Berlinale 2020: Kelly Reichardt's Film 'First Cow' is the Bakers' Delight
by Alex Billington
February 23, 2020
I would really, really like an oily biscuit with honey and a touch of cinnamon after finishing this film. Please. First Cow is the latest feature made by American filmmaker Kelly Reichardt (of Old Joy, Meek's Cutoff, Night Moves). After initially premiering at the Telluride & New York Film Festivals last fall, it has made an appearance at the Berlin Film Festival this year showing as a European premiere in the main competition section. Set at the beginning of the 19th century in the rural Northwest (mainly in Oregon), the film is about a friendship and successful local business started by two lonely misfits. It's not just a film about a cow, it's not just a film about friends, and it's not just a film about the Northwest frontier. It has so much depth and heart and humility, an entirely wonderful film. I think I loved it, to be fully honest, which even surprises me.
As the title indicates, Kelly Reichardt's First Cow is about the first milk cow to ever arrive in this untamed territory. It takes place during the gold rush, at a time when fur trappers and prospectors by the thousands were venturing into the wilderness in hopes of striking it rich. But few did. So they had to find other work, or establish themselves other ways. After working as a cook for a couple of mangy men, "Cookie" Figowitz, played by John Magaro, ends up back at an outpost in the region. Along the way he meets a Chinese man who calls himself King Lu, played by Orion Lee, and the two become friends as they attempt to survive and figure out how to work successfully. When they discover the cow, they start to quietly steal its milk in the middle of the night, which they use to bake into biscuits and sell them as a delicious "secret recipe" delicacy.
I'm not usually a big fan of Kelly Reichardt's films, I will admit. I often find them boring and bland, and too slow-paced for my sensibilities. But honestly, First Cow is kind of amazing?! The pacing is spot on this time - even though it runs two hours, the way the story builds and their friendship connects needs the deliberate slowness. And this measured, nuanced pacing isn't distracting or boring, because we get to watch as the two men become friends, explore their friendship, become bakers, then become local celebrities, and then get into trouble when they get "too big for your britches", so to say. As another critic stated after, the beauty is in the details. It's in the moments and all the little touches and in-between the words being spoken. That's where this film truly shines. It's all about the nuances and not necessarily what is happening in each scene.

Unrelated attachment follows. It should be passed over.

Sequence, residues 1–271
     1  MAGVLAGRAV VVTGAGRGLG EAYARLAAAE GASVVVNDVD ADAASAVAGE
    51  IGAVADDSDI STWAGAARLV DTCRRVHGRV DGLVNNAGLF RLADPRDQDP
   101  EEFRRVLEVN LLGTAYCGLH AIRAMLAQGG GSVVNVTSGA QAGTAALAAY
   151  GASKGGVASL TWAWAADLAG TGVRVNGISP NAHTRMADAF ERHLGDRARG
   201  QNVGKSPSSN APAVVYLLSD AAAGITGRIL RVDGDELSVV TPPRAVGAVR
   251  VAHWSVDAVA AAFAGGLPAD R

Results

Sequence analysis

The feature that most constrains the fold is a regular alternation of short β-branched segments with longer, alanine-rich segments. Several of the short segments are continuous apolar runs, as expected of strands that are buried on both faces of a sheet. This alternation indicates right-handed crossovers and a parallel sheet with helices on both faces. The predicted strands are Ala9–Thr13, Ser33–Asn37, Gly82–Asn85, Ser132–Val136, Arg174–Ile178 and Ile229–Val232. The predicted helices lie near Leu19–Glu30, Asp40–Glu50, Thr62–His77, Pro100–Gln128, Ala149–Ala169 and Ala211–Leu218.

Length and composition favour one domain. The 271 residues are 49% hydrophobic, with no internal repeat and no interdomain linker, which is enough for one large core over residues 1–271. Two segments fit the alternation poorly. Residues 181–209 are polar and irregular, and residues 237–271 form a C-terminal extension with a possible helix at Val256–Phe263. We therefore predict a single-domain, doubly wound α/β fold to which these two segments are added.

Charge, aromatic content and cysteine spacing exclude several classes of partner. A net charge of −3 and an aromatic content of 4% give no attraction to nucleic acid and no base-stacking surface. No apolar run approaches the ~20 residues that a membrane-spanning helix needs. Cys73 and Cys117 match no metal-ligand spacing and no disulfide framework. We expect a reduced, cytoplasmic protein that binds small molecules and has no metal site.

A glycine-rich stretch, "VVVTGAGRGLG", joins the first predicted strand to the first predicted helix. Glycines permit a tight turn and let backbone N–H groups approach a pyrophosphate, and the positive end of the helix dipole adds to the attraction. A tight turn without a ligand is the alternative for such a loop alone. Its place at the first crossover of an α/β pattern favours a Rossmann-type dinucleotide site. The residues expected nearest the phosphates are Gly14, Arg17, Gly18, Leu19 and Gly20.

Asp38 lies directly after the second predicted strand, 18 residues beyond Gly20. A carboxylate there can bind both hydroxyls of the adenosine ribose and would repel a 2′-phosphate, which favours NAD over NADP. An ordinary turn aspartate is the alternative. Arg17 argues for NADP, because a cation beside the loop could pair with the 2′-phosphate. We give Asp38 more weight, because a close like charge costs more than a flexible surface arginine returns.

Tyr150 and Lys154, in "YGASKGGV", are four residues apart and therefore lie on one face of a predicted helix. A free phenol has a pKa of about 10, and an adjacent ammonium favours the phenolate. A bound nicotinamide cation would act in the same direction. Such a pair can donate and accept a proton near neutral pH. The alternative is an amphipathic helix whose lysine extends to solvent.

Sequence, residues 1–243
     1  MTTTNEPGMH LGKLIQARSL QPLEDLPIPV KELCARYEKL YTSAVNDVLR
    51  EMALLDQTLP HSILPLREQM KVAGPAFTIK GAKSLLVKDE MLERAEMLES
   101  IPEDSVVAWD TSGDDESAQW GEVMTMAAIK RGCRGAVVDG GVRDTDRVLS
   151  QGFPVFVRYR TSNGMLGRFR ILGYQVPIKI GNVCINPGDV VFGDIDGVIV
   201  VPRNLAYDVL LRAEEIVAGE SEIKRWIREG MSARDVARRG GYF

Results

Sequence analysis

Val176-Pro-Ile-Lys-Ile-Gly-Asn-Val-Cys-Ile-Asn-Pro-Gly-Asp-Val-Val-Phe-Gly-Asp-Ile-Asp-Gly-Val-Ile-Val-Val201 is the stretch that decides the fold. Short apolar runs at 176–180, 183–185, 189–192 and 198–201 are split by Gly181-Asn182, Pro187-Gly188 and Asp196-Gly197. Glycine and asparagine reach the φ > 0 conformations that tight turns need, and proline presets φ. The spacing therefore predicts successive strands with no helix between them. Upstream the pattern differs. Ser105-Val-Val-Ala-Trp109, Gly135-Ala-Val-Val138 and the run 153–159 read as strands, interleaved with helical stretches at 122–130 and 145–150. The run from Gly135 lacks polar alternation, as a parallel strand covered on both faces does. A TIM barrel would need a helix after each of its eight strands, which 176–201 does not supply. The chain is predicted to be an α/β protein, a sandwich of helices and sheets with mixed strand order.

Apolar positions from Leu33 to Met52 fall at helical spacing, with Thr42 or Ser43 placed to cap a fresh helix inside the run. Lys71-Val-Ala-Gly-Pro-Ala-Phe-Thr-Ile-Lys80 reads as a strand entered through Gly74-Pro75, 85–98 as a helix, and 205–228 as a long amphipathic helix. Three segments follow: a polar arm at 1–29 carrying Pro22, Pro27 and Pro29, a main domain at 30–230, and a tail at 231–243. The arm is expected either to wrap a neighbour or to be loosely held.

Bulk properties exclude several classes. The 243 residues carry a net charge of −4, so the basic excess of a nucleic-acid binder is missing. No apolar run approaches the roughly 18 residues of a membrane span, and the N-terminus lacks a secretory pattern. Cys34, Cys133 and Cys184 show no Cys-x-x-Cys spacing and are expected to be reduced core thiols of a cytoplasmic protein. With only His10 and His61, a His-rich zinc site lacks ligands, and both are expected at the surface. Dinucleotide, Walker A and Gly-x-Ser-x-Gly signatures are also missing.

All of this is exactly what makes me love it. It's not just a film about a cow, or about baking; it touches on friendship, and on consumerism, and on ignorance, and on capitalism, and on greed, and on ingenuity. And none of this is shown outright, it's worked into the details, worked into the script as part of the director's vision. First Cow also really turns up the heat when it becomes a film about baking delicious biscuits and how that changes everything (for the characters and for the region). This is when it went from being damn good to absolutely amazing. And it sticks the landing perfectly. Magaro and Lee are the perfect partners, and their genuine friendship is the heart of the film. It is a delight to go into a film you're not expecting to care for, and come out of it infatuated. Storytelling at its best. And a heartening experience to share with others.
Alex's Berlinale 2020 Rating: 8.5 out of 10
Follow Alex on Twitter - @firstshowing / Or Letterboxd - @firstshowing
I'm personally so excited for this one. I dig the concept so much.
DAVIDPD on Feb 24, 2020
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